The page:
Tugendhat is a legendary word in modern design; the name refers to the seminal house created by the German architect Mies van der Rohe for the Tugendhat family outside Brno in the Czech Republic in 1930. This beautiful and reflective  documentary acknowledges the house as a modernist monument but is more absorbed by its role as catalyst for human events in the years after its construction – interactions which reflect on the wider travails of 20th century European history.

Intelligently interweaving the restoration of the house (stripping back paint layers to old surfaces) and searing interviews with surviving Tugendhat siblings, it slowly unpicks family truths, from the Shangri-La of childhood, through exile (for being Jewish in the wrong place and time) to uncertain attempts at remaking the dream elsewhere. The most beautiful words are left to the ordinary Czechs with spinal injuries who lived there as children under Communism, and who simply revered its light, space and architecture as a background to their emerging lives – underscoring the film’s theme about the relationship between people and the hard and complex nature of brilliant things.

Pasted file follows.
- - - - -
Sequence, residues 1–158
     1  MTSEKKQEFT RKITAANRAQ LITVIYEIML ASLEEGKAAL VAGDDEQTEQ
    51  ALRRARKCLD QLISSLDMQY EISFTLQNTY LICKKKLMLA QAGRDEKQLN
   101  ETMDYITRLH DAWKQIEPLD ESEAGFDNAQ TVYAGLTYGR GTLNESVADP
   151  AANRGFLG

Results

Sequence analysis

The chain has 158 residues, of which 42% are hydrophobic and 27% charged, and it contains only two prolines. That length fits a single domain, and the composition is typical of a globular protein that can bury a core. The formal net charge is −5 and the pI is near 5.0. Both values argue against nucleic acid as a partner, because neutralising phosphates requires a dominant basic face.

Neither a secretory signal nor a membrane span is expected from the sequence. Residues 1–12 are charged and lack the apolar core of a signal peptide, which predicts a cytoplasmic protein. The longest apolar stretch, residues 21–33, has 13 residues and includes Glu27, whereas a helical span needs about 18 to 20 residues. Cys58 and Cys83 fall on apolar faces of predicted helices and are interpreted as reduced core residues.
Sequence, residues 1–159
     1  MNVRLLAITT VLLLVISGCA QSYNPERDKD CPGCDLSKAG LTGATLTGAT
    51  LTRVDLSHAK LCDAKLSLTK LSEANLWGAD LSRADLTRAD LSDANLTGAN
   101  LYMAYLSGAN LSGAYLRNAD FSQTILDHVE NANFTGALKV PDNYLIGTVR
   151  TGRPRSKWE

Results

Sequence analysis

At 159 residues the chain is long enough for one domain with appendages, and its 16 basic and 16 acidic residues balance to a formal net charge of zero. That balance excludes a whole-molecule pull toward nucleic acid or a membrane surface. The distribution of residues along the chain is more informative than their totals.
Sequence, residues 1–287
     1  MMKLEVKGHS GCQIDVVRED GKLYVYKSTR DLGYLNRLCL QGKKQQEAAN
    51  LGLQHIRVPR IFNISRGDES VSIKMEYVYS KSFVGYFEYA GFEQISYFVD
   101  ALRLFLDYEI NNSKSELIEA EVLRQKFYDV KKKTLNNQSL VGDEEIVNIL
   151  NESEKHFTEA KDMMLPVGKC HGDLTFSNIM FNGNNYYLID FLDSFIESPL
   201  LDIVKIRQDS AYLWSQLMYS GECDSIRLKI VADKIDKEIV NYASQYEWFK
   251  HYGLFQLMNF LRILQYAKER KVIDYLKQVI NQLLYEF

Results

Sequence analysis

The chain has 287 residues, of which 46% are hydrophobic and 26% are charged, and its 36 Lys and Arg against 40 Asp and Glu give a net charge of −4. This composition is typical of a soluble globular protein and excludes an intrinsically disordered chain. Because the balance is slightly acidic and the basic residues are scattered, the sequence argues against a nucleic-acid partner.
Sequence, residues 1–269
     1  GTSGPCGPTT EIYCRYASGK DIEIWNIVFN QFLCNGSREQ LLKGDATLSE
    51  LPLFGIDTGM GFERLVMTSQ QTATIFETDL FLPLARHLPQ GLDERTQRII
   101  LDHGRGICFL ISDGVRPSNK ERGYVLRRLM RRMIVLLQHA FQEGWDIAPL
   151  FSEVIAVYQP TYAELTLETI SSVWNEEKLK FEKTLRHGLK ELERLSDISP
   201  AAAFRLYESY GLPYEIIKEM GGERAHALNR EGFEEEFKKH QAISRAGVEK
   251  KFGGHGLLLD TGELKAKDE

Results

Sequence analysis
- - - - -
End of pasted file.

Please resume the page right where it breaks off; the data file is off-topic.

Niall McCullough

Director: Dieter Reifarth
Year: 2013
Country of Origin: Germany
Duration: 116 minutes